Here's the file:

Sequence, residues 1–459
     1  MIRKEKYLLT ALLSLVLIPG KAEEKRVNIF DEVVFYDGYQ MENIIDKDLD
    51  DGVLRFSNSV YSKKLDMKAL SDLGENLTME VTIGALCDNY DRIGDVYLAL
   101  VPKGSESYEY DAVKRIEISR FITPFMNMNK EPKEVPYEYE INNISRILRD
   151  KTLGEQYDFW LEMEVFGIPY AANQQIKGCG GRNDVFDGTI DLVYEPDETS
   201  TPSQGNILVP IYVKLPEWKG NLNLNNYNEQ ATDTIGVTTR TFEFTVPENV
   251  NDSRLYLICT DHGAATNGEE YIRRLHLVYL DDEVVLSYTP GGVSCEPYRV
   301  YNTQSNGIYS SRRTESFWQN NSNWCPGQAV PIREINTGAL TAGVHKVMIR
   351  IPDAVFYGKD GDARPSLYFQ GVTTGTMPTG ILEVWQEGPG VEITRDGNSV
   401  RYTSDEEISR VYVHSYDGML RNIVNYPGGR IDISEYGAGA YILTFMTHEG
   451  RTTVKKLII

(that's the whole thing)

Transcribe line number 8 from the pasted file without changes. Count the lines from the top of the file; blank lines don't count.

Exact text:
   301  YNTQSNGIYS SRRTESFWQN NSNWCPGQAV PIREINTGAL TAGVHKVMIR